The Mucker

By Edgar Rice Burroughs

Page 134

staring at the heavy weight until he had perused it.

"Any answer?" he asked.

"No answer, kid," replied Byrne, "that I can't take myself," and he
tossed a dollar to the worshiping boy.

An hour later Billy Byrne was ascending the broad, white steps that led
to the entrance of Anthony Harding's New York house. The servant who
answered his ring eyed him suspiciously, for Billy Byrne still dressed
like a teamster on holiday. He had no card!

"Tell Miss Harding that Mr. Byrne has come," he said.

The servant left him standing in the hallway, and started to ascend the
great staircase, but halfway up he met Miss Harding coming down.

"Never mind, Smith," she said. "I am expecting Mr. Byrne," and then
seeing that the fellow had not seated her visitor she added, "He is a
very dear friend." Smith faded quickly from the scene.

"Billy!" cried the girl, rushing toward him with out-stretched hands.
"O Billy, we thought you were dead. How long have you been here? Why
haven't you been to see me?"

Byrne hesitated.

A great, mad hope had been surging through his being since he had read
of the broken engagement and received the girl's note. And now in her
eyes, in her whole attitude, he could read, as unmistakably as though
her lips had formed the words that he had not hoped in vain.

But some strange influence had seemed suddenly to come to work upon
him. Even in the brief moment of his entrance into the magnificence of
Anthony Harding's home he had felt a strange little stricture of the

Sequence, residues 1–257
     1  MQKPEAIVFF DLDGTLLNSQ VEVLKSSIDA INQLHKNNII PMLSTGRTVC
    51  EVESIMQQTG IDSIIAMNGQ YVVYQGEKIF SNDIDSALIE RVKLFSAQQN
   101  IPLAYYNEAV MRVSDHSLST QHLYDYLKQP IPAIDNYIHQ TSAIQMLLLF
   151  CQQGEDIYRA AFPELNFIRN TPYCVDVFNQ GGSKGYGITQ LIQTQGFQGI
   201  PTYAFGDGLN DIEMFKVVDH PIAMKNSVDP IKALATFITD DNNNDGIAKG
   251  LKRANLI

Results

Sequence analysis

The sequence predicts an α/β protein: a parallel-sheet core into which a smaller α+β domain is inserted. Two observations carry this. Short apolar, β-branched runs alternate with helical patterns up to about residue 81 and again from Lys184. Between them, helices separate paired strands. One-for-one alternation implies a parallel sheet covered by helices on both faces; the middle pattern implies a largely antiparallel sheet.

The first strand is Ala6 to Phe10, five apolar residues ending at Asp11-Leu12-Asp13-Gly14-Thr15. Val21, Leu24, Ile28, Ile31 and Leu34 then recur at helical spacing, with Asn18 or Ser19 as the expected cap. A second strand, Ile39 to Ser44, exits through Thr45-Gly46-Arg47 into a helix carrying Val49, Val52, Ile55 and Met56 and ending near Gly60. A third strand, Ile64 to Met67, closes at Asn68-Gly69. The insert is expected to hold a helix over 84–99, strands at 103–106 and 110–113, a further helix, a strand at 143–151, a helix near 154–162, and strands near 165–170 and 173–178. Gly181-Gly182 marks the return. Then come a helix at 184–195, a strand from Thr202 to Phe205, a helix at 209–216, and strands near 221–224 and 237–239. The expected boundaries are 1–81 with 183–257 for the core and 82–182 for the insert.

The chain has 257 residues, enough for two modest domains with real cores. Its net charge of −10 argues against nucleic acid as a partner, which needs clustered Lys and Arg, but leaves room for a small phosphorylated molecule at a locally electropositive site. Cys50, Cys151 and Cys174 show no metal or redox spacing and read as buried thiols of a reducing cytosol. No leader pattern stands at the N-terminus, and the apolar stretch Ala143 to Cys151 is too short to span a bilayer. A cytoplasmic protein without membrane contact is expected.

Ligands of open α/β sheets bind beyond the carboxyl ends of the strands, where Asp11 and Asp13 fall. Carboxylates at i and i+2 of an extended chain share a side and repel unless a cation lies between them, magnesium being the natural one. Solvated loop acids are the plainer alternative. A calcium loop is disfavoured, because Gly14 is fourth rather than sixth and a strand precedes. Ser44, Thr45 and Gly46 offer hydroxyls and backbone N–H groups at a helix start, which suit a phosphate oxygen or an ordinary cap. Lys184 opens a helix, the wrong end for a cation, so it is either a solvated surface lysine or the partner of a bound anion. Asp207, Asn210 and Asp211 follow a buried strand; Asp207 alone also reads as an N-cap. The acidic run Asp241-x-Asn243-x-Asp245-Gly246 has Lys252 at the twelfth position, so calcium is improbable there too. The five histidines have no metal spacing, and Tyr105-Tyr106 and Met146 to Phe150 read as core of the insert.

throat--a choking, half-suffocating sensation.

The attitude of the servant, the splendor of the furnishings, the
stateliness of the great hall, and the apartments opening upon it--all
had whispered to him that he did not "belong."

And now Barbara, clothed in some wondrous foreign creation, belied by
her very appearance the expression that suffused her eyes.

No, Billy Byrne, the mucker, did not belong there. Nor ever could he
belong, more than Barbara ever could have "belonged" on Grand Avenue.
And Billy Byrne knew it now. His heart went cold. The bottom seemed
suddenly to have dropped out of his life.

Bravely he had battled to forget this wonderful creature, or, rather,
his hopeless love for her--her he could never forget. But the note from
her, and the sight of her had but served to rekindle the old fire within
his breast.

He thought quickly. His own life or happiness did not count. Nothing
counted now but Barbara. He had seen the lovelight in her eyes. He
thanked God that he had realized what

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